A new study in the Journal of Policy Analysis and Management demonstrates that public commenters who participate during the early phases of regulatory policymaking play an important agenda setting role. Results suggest that these "public" participants—who are often interest groups—can help shape the content of regulatory proposals as they move through the regulatory process and may thwart unwanted regulations.
The study finds the first systematic quantitative evidence of the importance of early participation by the public in regulatory development. Public commenters who participate early in the process do influence the regulatory direction of the policymaking process.
The findings are also important, given recent government rhetoric surrounding the need to re-regulate or tighten regulation across several sectors, including the banking and finance sectors.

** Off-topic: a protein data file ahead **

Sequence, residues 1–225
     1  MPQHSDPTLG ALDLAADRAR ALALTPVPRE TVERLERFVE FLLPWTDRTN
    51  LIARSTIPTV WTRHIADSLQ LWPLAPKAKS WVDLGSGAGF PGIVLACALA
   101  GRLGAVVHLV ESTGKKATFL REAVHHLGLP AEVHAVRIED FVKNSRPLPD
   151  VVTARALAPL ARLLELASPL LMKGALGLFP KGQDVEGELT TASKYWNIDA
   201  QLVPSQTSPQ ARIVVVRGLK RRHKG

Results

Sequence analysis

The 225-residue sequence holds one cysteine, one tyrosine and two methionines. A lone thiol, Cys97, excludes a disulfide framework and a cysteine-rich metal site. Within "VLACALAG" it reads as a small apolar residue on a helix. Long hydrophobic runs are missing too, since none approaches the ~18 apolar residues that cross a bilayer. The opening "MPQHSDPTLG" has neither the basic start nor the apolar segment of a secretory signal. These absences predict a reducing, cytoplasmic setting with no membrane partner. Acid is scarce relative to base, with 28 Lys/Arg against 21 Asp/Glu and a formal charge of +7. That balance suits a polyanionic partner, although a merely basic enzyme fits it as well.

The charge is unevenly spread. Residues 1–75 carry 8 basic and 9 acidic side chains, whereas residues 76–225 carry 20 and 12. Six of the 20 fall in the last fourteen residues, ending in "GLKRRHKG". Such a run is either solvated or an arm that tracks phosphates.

"This research suggests the great need for additional systematic knowledge regarding the politics of regulatory development and rulemaking," the authors conclude.
Keith Naughton and Celeste Schmid of the University of Southern California, Susan Webb Yackee of the University of Wisconsin-Madison, and Xueyong Zhan of Shanghai University of Finance and Economics analyzed data from 36 Department of Transportation rules and almost 500 comments to see if public commenters play a critical agenda-setting role during rule development.
Explore further: How actin networks are actin'